Google’s growing video ambitions

Contact: Brenon Daly, Jim Davis

More than four years after Google acquired YouTube, the video content site is either putting up black numbers, or is very close to it. That’s according to hints offered recently by the company, although Google has often appeared unconcerned about the profitability of the wildly popular site that the search giant picked up in its second-largest acquisition. (YouTube could have slipped to Google’s third-largest deal, but it appears that rumored talks with Groupon have come to nothing.)

Just how popular is YouTube? Google recently indicated that a day’s worth of video (a full 24 hours) is uploaded every single second to the site. And while profitability has not been an immediate concern for YouTube, Google has nonetheless demonstrated that it is committed to online video – and that it is willing to put even more money behind the effort. Just late last week, Google picked up Widevine Technologies.

As my colleague Jim Davis notes, Widevine gives Google technology used to underpin both online and broadcast premium TV services through the use of software-based DRM systems. This means the company – with its recently launched Google TV product, as well as Android-powered phones and laptops running Chrome – will be able to offer secure premium content on any of these platforms and enable subscription and video-on-demand services, as an example.

For instance, YouTube could now charge for access to live events that it has broadcast on occasion, including a U2 concert last year and the Indian Premier League cricket matches this year. Until recently, YouTube had used CDN services from Akamai for live broadcasts. But just in the past few months, YouTube has started testing its own live-streaming services platform (and has hired a number of former Akamai employees to boot). If Google continues to develop a secure and scalable content delivery platform, CDN vendors may well feel the pinch.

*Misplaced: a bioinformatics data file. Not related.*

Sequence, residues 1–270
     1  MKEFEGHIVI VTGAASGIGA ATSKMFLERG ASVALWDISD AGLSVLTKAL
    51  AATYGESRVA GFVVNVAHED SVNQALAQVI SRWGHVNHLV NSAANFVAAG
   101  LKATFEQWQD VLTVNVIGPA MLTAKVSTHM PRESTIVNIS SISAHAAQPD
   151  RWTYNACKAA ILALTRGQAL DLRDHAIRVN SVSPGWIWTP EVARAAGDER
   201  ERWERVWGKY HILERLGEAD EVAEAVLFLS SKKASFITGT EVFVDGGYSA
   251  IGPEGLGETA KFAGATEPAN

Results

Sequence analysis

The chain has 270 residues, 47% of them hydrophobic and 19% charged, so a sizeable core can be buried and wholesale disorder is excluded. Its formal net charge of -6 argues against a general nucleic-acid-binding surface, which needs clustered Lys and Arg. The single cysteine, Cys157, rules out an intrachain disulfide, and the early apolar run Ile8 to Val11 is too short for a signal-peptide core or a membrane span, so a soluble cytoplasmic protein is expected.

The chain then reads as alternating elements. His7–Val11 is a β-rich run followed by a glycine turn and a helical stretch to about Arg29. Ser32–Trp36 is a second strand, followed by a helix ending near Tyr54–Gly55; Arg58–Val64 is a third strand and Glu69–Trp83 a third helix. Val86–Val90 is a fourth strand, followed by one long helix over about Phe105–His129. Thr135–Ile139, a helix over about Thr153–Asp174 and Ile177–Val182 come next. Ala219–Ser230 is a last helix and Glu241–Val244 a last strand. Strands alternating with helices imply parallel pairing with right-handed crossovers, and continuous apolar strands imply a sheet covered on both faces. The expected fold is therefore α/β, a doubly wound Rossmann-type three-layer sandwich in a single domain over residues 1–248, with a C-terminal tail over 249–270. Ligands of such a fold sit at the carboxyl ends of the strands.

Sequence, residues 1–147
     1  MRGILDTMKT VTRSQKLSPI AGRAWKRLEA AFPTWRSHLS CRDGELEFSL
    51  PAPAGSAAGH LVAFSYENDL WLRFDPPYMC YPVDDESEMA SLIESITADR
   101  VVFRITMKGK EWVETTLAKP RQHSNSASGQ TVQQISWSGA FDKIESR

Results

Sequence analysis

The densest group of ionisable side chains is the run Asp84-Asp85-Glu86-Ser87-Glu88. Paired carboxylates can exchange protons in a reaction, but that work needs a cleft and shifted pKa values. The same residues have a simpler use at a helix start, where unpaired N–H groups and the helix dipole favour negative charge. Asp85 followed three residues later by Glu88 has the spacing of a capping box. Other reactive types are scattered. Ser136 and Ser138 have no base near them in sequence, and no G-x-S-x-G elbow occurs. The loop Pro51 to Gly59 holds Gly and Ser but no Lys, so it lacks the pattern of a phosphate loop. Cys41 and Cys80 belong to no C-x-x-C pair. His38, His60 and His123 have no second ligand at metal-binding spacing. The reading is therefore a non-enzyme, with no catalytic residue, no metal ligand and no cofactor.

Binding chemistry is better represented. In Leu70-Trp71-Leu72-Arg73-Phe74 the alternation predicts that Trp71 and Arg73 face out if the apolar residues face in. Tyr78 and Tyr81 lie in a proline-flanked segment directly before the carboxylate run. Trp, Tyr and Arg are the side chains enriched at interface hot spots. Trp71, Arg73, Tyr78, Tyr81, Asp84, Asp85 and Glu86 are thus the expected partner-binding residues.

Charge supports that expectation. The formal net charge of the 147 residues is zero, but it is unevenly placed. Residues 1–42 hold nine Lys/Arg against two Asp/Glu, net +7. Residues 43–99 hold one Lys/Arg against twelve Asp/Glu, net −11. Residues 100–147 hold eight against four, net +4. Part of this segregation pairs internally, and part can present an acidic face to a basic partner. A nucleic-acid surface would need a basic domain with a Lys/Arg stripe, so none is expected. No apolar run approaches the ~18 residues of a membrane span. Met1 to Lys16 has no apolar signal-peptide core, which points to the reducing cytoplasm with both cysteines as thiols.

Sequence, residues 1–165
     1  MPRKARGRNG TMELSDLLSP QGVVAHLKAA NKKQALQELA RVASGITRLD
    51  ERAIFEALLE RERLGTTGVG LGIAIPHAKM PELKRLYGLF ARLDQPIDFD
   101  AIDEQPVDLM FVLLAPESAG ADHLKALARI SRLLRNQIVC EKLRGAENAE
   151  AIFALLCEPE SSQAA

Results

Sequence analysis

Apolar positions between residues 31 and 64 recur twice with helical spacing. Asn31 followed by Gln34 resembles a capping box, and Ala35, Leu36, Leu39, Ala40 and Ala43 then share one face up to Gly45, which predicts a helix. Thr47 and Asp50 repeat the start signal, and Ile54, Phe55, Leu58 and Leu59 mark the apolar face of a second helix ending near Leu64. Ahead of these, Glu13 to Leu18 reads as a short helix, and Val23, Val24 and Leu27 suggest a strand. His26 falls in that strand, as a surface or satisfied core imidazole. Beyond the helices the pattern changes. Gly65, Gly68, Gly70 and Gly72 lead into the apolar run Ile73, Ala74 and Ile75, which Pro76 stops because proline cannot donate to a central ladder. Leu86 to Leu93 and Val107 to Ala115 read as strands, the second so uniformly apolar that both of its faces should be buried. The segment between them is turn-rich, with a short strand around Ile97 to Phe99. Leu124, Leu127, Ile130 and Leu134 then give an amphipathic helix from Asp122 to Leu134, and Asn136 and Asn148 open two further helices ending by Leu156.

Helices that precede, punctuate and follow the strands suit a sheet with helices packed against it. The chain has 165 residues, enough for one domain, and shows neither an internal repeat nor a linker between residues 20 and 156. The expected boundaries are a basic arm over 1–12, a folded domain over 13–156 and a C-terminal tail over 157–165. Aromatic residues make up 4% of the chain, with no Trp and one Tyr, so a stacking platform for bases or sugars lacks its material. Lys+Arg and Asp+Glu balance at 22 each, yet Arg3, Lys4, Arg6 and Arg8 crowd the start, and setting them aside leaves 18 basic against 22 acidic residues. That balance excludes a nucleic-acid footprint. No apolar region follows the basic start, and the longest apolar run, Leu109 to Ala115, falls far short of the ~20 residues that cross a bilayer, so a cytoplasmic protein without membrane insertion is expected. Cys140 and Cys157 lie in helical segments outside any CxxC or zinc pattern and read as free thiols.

Will Adobe-Omniture marriage prompt online video M&A?

-Contact Thomas Rasmussen, Jim Davis

When Adobe Systems and Omniture announced the details and rationale behind their $1.8bn tie-up in mid-September, some interesting items emerged. Highlighted was the obvious benefit from a combination of Adobe’s popular Flash video platform and Omniture’s analytics capabilities. As the Web analytics market has become more saturated, Omniture has recently been expanding into higher-margin niches such as online video analytics. Combining online video content management with analytics is an area in which some early startups have carved out a profitable niche over the past few years as video has finally started to move to the Web.

However, if the newly bulked-up Adobe truly moves into the space – as we suspect the company will – it will undoubtedly present an enormous challenge to an industry previously dominated by a few well-funded startups. As a consequence of other larger players wanting to get a piece of the booming sector and startups being more inclined to strengthen their position, we believe consolidation in the market is inevitable. With that as our premise, who might be buying, and who are the potential prime targets?